How Technology Can Enable Collaboration for the Common Good

clinton initiativeOur Director of Research and Analysis, Dr. Andrew Schroeder, recently attended the Clinton  Global Initiative winter meeting held Feb. 20 in New York City. He reflects on the conference below:

Toward the end of this year’s Clinton Global Initiative (CGI) winter meeting, President Clinton asserted that most global problems have solutions, however the politics of special interests get in the way of making changes for the common good.

While he used the example of how specific interests are preventing Caribbean countries from switching their energy source from imported petroleum to zero-carbon emissions (despite a clear path to the latter), I was reminded of how this problem of specific interests is often all too true in the aftermath of a natural disaster.

Clinton urged the crowd to “re-imagine impact” – the theme of the meeting – by adopting the solution of applying a multi-interest approach in prioritizing the common good. Though this idea may seem idealistic, technology is allowing Direct Relief, in collaboration with software company Palantir and local partner organizations, to do just that.

photo 1(1)Following a disaster, like Typhoon Haiyan in the Philippines, the need for accurate information and efficient coordination is greatest in the immediate days after the event – precisely the moment when the difficulty and cost of acquiring accurate data and impairment of information infrastructure is most costly and challenging. It’s often a challenge to get groups to share information on situational awareness and response activities, even though it’s beneficial for all involved in the response.

Through a 2013 CGI commitment along with Palantir Technologies and Team Rubicon, we sought to strengthen information infrastructure for disaster response based upon our experience during and after Hurricane Sandy and the creative use of Palantir Gotham and Palantir Mobile to integrate massive amounts of data into a single location to improve situational analysis and volunteer coordination.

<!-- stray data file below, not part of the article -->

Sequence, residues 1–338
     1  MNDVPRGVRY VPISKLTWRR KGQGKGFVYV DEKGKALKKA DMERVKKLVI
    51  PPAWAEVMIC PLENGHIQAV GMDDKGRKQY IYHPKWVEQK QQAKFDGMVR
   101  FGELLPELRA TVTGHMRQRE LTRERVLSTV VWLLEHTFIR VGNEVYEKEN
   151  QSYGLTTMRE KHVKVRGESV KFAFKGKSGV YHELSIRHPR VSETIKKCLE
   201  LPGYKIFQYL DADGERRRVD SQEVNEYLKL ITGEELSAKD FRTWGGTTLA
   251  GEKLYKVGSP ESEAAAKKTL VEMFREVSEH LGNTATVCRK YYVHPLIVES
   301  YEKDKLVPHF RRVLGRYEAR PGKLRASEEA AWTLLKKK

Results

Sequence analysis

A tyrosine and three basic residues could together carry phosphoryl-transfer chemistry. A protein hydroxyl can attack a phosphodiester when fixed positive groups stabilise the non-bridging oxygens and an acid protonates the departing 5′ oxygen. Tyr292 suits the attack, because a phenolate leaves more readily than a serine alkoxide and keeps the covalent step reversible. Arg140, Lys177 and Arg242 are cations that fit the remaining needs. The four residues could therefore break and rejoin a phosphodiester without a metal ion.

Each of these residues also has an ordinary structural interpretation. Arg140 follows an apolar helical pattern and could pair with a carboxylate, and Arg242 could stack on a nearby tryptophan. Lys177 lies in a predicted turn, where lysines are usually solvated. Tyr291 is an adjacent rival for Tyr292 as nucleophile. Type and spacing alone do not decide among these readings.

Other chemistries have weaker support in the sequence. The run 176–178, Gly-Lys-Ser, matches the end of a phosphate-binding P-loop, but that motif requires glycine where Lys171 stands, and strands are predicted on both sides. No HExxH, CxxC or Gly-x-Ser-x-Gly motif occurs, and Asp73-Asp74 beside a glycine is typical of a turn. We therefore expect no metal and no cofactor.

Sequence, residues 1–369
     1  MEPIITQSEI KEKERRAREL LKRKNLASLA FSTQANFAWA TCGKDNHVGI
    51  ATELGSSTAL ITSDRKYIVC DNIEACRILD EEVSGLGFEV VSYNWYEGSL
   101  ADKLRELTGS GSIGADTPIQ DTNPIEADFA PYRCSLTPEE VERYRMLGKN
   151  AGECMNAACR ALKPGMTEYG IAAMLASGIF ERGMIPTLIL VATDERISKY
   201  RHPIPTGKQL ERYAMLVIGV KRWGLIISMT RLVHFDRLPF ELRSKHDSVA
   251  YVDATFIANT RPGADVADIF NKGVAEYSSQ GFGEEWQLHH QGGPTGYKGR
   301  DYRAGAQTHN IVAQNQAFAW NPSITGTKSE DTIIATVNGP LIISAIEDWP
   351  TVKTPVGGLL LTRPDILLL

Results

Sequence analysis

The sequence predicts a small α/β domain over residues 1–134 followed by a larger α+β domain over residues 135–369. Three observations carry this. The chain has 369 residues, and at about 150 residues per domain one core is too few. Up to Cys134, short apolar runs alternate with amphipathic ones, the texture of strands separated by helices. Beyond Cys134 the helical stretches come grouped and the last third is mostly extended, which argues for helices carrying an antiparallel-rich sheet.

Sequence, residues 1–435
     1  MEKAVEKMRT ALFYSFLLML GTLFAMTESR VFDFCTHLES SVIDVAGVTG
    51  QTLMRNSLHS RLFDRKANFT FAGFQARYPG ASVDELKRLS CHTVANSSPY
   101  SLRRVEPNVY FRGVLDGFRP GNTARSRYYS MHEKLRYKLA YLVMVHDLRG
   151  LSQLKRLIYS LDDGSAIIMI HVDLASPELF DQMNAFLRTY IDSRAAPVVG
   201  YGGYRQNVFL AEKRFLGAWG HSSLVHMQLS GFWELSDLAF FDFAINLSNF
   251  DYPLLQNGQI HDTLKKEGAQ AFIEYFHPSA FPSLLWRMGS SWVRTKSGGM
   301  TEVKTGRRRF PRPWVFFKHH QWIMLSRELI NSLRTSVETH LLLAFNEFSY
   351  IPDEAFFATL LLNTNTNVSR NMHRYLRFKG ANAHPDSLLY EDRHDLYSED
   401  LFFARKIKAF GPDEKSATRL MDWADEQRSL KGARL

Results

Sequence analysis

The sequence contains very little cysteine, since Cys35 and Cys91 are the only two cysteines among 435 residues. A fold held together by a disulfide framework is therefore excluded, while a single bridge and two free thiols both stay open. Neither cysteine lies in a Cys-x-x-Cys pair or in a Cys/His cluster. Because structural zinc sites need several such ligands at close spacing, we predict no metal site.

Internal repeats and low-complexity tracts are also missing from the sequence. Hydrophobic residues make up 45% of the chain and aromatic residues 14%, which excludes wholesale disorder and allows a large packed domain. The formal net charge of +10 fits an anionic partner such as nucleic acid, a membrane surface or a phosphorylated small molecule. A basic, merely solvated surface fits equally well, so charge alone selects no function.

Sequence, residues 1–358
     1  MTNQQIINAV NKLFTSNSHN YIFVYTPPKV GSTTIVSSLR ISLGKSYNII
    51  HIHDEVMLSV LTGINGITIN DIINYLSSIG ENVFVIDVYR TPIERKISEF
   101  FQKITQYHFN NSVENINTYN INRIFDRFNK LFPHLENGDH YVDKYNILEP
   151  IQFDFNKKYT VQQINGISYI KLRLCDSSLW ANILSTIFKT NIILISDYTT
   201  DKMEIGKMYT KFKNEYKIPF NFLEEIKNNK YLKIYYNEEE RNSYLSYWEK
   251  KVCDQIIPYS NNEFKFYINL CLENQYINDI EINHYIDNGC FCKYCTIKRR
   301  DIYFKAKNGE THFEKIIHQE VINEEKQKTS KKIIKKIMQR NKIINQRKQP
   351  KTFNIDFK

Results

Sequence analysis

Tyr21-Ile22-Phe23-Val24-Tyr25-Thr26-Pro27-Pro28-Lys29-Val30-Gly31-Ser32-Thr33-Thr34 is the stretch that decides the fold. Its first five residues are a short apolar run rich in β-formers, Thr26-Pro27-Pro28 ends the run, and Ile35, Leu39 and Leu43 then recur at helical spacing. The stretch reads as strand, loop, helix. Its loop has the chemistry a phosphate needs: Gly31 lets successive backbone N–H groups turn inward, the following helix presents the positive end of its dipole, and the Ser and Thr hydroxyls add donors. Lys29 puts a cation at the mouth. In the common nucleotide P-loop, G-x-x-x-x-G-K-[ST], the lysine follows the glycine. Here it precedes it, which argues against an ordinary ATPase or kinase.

photo 2(2)This year, the commitment expanded internationally through the development and deployment of Palantir MIMOSA (MIniature MObile SAtellite), an entirely satellite-based version of Palantir mobile, used in the Philippines following Typhoon Haiyan. Having spent the better part of a month working in the affected area of the Philippines training in-country partners including the Philippine Red Cross, Gawad Kalinga and the Tacloban Health Cluster, I was excited to be able to share lessons learned and new ideas about ways that improved information management can in turn help us to re-conceive the efficiency, integration and impact of international disaster relief.

Palantir MIMOSA was conceived as an answer to the post-disaster information dilemma. By allowing individuals within and across critical response organizations to collect data regardless of terrestrial network conditions, and to share that information in real time via a common application and portal containing the best open source information available, we have seen gains in coordinated activities and contextualized knowledge within some of the most remote areas of the response.

In this way, we hope to drive disaster response steadily and increasingly toward effective promotion of the common good, particularly for the most vulnerable, and ultimately, toward a better, more integrated, transparent and impactful, set of social structures governing how we as a world community respond to extreme events.

1 Comment
  1. Interesting ideas on how to drive disaster response.

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